How to be a property investor when you’ve got nothing to invest
By Bindar Dosanjh
It doesn’t always take money to make money. Sometimes you can make money with other people's money – and one way to do so is through property.
Throughout the recession, austerity measures, Brexit and numerous other challenges, the property market has remained remarkably buoyant. If you invest in the right area, in the right property, with the right tenant - there is still money to be made. And the returns are significantly better than the interest on your average savings account.
So what do you do if you want to be a property investor, but you’ve got nothing (or not much) to invest? There are options available to you – but they come with a big caveat.
To find that mysterious ‘right’ property, the ‘right’ area and the ‘right’ tenant to go with it - you need the right education and support. The stakes are too high for mistakes! Even if you start small, with a ‘test’ property in a relatively cheap location, you’ve still got to know what you’re doing, and you’ve still got to be as certain as possible that you’re going to make a profit. Do the research, and get the help.
Armed with knowledge, confidence and back-up? Got everything in place but the ££? Well here are 7 options for you:
1. A mortgage
Yes, this is the obvious one. And yes, the list will get more creative as you read on! Mortgages are the most traditional way of investing in property that you can’t afford – for yourself or for letting to a tenant. You go in with a bank or building society and pay them back with interest.
The trouble is, mortgage rules have got tighter and tighter. You probably won’t get a buy-to-let mortgage unless you already have a mortgage – or a good deal of experience owning or managing a property – and proof.
Option 2 is to try and get another sort of loan. You could use an overdraft facility, even a bridging loan to finance a ‘quick flip’ property. Different interest rates and conditions will apply – and you need to expect an entry fee, admin fee, monthly fee and exit fee – but if the deal is big enough and you need to raise the money it is an option.
Beware of so-called loan sharks – you want a legitimate deal with a legitimate organisation, or you’re more than likely to get burned.
3. Family loans
What about family members or friends? Does someone you know somewhere have money sitting in a bank doing nothing, that you could use? Put together your business case, run your numbers, get your quotes in - and project your potential profits. Then make your pitch – the very worst they can say is ‘no’.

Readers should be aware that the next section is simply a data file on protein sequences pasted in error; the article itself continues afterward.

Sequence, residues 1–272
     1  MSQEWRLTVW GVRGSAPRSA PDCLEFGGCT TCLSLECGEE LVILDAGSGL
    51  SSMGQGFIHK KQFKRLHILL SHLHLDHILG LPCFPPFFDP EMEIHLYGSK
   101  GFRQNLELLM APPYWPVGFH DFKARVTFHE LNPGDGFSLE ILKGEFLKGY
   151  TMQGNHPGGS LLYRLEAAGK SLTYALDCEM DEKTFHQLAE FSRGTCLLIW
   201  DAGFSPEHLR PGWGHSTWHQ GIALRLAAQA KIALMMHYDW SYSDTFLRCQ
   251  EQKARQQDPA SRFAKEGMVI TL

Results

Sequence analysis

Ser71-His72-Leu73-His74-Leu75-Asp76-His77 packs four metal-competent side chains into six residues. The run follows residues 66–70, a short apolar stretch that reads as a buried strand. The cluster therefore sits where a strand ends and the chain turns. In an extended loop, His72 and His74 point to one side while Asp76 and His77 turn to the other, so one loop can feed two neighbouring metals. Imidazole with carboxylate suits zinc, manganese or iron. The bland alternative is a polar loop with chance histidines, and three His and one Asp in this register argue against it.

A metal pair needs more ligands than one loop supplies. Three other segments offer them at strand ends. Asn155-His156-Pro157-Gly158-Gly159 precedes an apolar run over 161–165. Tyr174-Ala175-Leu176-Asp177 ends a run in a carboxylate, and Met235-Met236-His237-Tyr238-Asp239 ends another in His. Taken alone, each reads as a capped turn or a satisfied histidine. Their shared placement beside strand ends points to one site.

4. Joint venture
So you don’t have enough money to invest alone, why not pool the money with someone else or better yet, get the money from an investor and you do the logistical part of the deal and split profits 50/50? Always be careful as to who you do business with, and make sure you trust them and have contracts to protect all involved.
If you’ve got the education and you’ve got an eye for a deal, YOU could be the one to do the sourcing. You find the property in the up and coming area, and ‘sell’ the deal to investors or an investment company for a fee or a percentage of the profits.It’s all about networking, and finding the right people to put together to make it happen. Probably not one for beginners.
The rent to rent model is becoming more and more popular. You rent out a property from a landlord for a set period of time – and then rent out the property or rooms to make a bigger profit. The landlord gets security, you get the added income – and the all the headache of managing the property and tenants.
Make sure your contract with the landlord is water-tight, and has wiggle room for adjustments and maintenance. Simply adding a sink in each room, for instance, could significantly raise how much you can rent it for.
Finding both mortgages and insurance for rent-to-rent is incredibly difficult, and you’ll need to include that in your risk margins. If you’re running Houses of Multiple Occupation, you’ll also need to adhere to the rules and regulations your Local Authority sets out.
This strategy allows you to control a property without owning it, with the option to buy at a later date. In the commercial world it’s very common.
You have a contract with the building owner, which states that you have the authority to buy the property at some future time, at an agreed price. The owner will have to sell at that price, at that time. At the outset, parties agree a consideration fee to make the deal legally binding, but this can be as little as £1. Both parties need to obtain independent legal advice and the contracts needs to be drafted very carefully by a lawyer who specialises in this area of law.
The option of sub-leasing may or may not be available during this period, but as an investor you may be able to add value to the property, or just live in it and watch it grow in value.
So there you are – 7 ways to invest in property when you have nothing – or not much – to invest.
All of them really do depend on three things:
- Your personal circumstances
- Your appetite for risk
- What you want to achieve.
Those are the key questions you need to ask yourself, and answer, before you invest in any kind of property – with your money or other people’s.
Want to find out more?
There’s loads of resources out there to help you find out more about all of these options. Do some light reading, go onto websites like Rightmove, Zoopla, MypropertyBEE, attend property networking events and get some basic property training.
You can also get in touch with me at Smart Core Wealth! Just email us at firstname.lastname@example.org